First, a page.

The 3 phases of living abroad

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The 3 phases of living abroad

This week one of our employees is celebrating his six month anniversary of living in Shanghai, China. Although he's been out of the U.S. for over a year, this is the first place that he's settled down and really started to experience these 3 phases. This inspired us at Teaching Nomad to write a list about the phases one goes through when one starts out as an expat. This is for those who are leaving their home shores and braving the unknown for opportunities in China.

Phase 1: Honeymoon
"Ah...", this is what most of us must sounded like while wandering around town those first few weeks. Everything was exciting and appeared in vivid colors, and we mean everything. Normal products you also have at home like Mountain Dew, look completely different here. Another great example is the grocery store, for us this means Carrefour. A colleague of ours was so blown away with this place that she was taking videos inside the store - loving every minute of it. The metro (subway) was another great adventure. It is fast, clean, convenient and very thrilling. The opportunities in China to travel are incredible and varied which was amazing for some of us who were only used to local buses or trams.

Phase 2: Frustration
Most of us weren't sure when this happens exactly; we suppose it's a gradual thing. For some reason many of the things that seemed so interesting in the honeymoon phase were now frustrating because they weren't the way we are used to them back home. This led us to believe that we were single-handedly responsible for changing these things and showing the world there's a better way to accomplish specific tasks. For example, that grocery store that was once so incredible is now full of annoyances. Why is there no ground beef? Why are they playing loud music (and often the same soundtrack on repeat for hours) I can't understand? Why won't the checker just put my groceries in the bag rather than next to the bag, speaking of,where is the bag boy? Why are they stocking the shelves during prime shopping time, shouldn't this happen at night? How about those metro trains we loved so much, every time you get to your stop, you're thinking, why won't the people just let me get off the train before they start boarding? Why is it so crowded every day? Why don't they crank up the air conditioning? Why does security always make me put my bag through the x-ray machine when no one else does it? As for traffic, if you're like most of us,  you grew up giving pedestrians the right of way. Now you're in China and it couldn't be more different. The pecking order goes: bus – car – scooter – bicycle – pedestrian. Now every time a car doesn't stop for us, we think they are personally trying to run us over!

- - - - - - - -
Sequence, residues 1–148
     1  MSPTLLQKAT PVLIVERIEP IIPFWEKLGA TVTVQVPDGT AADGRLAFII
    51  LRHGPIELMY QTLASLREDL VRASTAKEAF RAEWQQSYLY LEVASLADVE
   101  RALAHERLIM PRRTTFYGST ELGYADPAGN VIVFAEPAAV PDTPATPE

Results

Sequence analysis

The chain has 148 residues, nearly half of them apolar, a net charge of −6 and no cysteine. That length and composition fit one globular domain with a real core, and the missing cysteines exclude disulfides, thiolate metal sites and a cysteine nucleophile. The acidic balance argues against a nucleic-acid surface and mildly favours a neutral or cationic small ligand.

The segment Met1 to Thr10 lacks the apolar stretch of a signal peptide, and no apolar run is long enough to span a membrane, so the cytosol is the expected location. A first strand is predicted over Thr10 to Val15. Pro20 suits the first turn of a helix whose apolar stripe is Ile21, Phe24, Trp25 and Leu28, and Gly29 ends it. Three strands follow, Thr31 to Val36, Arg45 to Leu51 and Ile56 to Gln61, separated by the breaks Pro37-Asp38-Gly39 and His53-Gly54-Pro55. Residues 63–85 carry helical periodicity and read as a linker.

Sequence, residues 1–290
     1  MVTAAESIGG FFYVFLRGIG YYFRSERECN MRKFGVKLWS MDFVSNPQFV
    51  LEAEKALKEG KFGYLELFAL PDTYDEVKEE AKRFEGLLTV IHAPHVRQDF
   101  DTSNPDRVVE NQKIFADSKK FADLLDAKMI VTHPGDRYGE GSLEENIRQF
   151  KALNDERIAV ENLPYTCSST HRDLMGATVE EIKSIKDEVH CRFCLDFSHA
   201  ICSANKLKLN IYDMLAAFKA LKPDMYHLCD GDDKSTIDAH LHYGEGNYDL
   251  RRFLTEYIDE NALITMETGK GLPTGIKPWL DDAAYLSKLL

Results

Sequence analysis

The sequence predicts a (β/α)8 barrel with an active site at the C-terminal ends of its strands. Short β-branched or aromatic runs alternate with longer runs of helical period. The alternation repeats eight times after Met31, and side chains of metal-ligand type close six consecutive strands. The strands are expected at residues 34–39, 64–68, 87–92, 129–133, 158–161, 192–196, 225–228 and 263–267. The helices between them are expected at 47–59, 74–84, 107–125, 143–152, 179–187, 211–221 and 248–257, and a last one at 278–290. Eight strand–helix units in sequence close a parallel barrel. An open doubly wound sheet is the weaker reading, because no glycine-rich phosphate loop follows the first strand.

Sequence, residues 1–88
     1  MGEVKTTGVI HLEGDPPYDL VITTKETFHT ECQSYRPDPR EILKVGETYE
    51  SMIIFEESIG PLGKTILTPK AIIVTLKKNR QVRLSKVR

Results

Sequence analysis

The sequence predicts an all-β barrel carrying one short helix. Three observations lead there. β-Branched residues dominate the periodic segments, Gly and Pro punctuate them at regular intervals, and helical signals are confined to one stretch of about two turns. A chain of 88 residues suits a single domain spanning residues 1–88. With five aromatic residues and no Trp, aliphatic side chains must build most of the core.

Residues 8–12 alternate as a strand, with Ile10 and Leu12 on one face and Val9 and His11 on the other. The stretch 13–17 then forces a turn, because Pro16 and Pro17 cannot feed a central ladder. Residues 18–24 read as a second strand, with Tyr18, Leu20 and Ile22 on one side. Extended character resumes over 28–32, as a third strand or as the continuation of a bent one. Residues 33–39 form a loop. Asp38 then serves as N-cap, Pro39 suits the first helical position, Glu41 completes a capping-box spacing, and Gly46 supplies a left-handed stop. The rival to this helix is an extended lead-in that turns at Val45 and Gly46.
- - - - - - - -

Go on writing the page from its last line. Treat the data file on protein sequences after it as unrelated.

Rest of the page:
Phase 3: Acceptance and enjoyment
We have gotten more enjoyment out of this one than even the honeymoon phase. By accepting the culture and environment we now have allowed the positive benefits to have an effect on us and we see the opportunities in China more clearly. Of course we still hope to have a positive effect on our environment as well, but we are not disappointed if we cannot change the things that once frustrated us. We know that the grocery store will be crowded and that some older woman might run into us with her cart, and that's OK. We know that the subway will be crowded, but hey, it definitely beats walking! As for the traffic, just remember to look both ways before crossing the street, but you can't take it personally if the taxi tries to run you over. In this phase we've also really stepped up our efforts to speak the language and eat the local food. It's always easier to order McDonalds delivery, but come on, we could do that in the States, well maybe not the delivery part!

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